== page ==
Sharpening of the Lacer Skews
First let me describe the shape of the cutting edge. About one-fourth to one-third of the edge from the long point is a straight line-and 90 degrees to the long point edge. The balance of the edge is a curved shaped. Two other aspects of the edge are critical: try to maintain an angle of approximately 70 degrees from point to point, and grind the bevel length to approximately one-and-one half times the thickness of the steel.
Once these shapes and dimensions have been achieved, actual sharpening of the edge is next. Set the tool rest of a dry wheel grinder to the preferred bevel angle (achieved by grinding the length of the bevel to the one-and one half times formula). Start with the straight part of the edge held horizontally (or parallel to the axis of the grinder) and grind that region. Next, with a pivoting motion, grind the curved section when it is moved into a horizontal position on the wheel. I try to maintain the same position on the tool rest and simply pivot or rotate the tool from a single point. Grind until sparks just appear over the top edge of the tool. Turn the tool over and grind the other side in the same fashion. The objective is to grind a slight hollow-ground edge with a single facet. Work slowly and keep the skew flat on the tool rest of the grinder.
Next, I hone four faces of the skew. This is best done with a flat diamond honing stone in a "fine grit" of 500 or 600. Since there is now a hollow-ground edge, simply touch the stone at the back of the bevel, close the angle towards the cutting edge until you have a two-point contact at the back of the bevel and just below the cutting edge. Work the honing stone along both of the long cutting edges in this manner-normally with a "back and forth" motion. Then place the stone on the long flat edge behind the long point of the skew. Hone this area with the same back and forth motion, being sure to keep the stone flat on this surface. Finally, hone the area behind the short point in a similar fashion-even though that section has been rounded all the way to the ferrule, you can still refine the short point by keeping the hone flat on the edge behind the short point. Honing is excellent following grinding to refine the edges, but also is used to keep the edges sharp while working. So, hone frequently and thereby avoid excessive trips to the grinder.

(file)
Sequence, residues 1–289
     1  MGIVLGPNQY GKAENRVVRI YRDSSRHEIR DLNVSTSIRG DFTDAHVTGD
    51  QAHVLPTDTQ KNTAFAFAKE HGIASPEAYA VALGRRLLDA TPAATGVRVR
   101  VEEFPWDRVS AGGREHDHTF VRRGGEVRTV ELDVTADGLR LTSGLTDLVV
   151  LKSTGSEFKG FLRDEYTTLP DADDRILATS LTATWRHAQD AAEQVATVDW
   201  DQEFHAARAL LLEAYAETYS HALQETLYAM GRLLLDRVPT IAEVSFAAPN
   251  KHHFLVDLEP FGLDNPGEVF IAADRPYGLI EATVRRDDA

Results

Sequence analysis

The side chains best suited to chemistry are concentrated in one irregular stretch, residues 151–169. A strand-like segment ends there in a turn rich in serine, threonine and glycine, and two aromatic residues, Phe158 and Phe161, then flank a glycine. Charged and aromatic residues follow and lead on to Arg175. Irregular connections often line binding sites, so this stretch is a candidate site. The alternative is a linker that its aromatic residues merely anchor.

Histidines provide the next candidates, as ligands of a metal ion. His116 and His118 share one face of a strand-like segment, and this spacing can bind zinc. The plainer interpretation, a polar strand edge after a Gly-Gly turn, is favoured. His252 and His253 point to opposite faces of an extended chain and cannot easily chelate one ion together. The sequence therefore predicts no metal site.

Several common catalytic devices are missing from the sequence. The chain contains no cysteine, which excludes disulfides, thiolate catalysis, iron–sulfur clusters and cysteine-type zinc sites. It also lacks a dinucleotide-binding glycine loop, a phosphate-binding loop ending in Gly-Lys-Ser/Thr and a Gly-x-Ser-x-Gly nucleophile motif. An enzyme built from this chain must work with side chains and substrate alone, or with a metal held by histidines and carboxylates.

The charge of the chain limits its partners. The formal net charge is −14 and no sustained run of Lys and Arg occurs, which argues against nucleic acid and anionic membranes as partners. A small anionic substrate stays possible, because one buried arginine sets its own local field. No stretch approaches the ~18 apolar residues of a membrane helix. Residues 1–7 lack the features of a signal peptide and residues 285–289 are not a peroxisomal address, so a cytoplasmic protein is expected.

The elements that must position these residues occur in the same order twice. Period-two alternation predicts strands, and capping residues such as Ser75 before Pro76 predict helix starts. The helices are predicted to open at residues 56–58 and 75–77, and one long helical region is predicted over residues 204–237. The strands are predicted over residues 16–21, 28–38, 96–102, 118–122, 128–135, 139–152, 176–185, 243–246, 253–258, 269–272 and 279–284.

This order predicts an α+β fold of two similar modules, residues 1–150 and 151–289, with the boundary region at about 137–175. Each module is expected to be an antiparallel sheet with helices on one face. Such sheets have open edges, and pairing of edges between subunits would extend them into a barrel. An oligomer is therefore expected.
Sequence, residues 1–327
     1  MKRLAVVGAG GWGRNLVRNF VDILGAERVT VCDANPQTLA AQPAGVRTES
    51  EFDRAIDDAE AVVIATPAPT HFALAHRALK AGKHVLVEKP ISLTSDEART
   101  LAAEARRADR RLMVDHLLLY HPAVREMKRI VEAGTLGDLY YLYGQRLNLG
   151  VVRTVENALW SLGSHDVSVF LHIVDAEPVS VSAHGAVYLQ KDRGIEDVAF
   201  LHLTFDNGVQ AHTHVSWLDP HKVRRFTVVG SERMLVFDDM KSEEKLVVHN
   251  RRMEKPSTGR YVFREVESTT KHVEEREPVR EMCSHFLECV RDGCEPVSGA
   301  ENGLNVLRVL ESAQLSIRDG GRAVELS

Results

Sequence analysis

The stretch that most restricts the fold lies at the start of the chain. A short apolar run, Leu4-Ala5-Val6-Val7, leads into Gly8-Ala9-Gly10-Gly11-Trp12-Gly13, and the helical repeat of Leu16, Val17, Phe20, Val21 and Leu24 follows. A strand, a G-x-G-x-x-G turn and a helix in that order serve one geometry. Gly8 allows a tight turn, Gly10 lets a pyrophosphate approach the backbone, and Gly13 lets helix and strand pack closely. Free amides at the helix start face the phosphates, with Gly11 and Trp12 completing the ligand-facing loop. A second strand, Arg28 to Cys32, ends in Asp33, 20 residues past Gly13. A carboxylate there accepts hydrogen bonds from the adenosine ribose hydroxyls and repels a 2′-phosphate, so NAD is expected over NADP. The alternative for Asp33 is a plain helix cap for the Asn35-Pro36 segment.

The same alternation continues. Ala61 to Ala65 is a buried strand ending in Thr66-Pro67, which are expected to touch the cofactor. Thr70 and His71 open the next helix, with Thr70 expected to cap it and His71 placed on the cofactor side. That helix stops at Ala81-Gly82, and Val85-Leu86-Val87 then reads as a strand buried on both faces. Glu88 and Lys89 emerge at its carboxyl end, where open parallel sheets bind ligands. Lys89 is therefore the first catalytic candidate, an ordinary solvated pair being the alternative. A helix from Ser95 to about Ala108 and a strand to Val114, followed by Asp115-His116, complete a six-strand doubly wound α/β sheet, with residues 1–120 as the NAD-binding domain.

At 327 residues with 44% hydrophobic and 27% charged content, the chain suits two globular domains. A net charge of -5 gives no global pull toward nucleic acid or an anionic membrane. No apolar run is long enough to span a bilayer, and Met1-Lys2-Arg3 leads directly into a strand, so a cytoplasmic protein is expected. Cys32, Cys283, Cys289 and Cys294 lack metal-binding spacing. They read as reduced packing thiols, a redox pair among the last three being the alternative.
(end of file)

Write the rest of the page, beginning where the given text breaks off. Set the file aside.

Thoughts on this grind:
I have tried a variety of grinds for the skew and prefer this style. I must admit that I have found this grind-or similar grinds-being used by woodturners in North America over much of the last century. The advantages of it as I see it are several: the straight section is excellent for peeling cuts (much like a large parting tool) and slicing rounded pommels with the long point down; the straight section also serves as a warning to stay clear of when doing planing and rolling cuts (such as beads) with the short point down; the curved section works well for planing cuts in "chippy" woods; the curved edge wraps over a curve better than a straight section (as in convex shapes); the curved area can be used to scoop concave shapes.
Additional articles on the skew, sharpening and honing can be found on my web site.
Good turning to you!
©Copyright 2005 Alan Lacer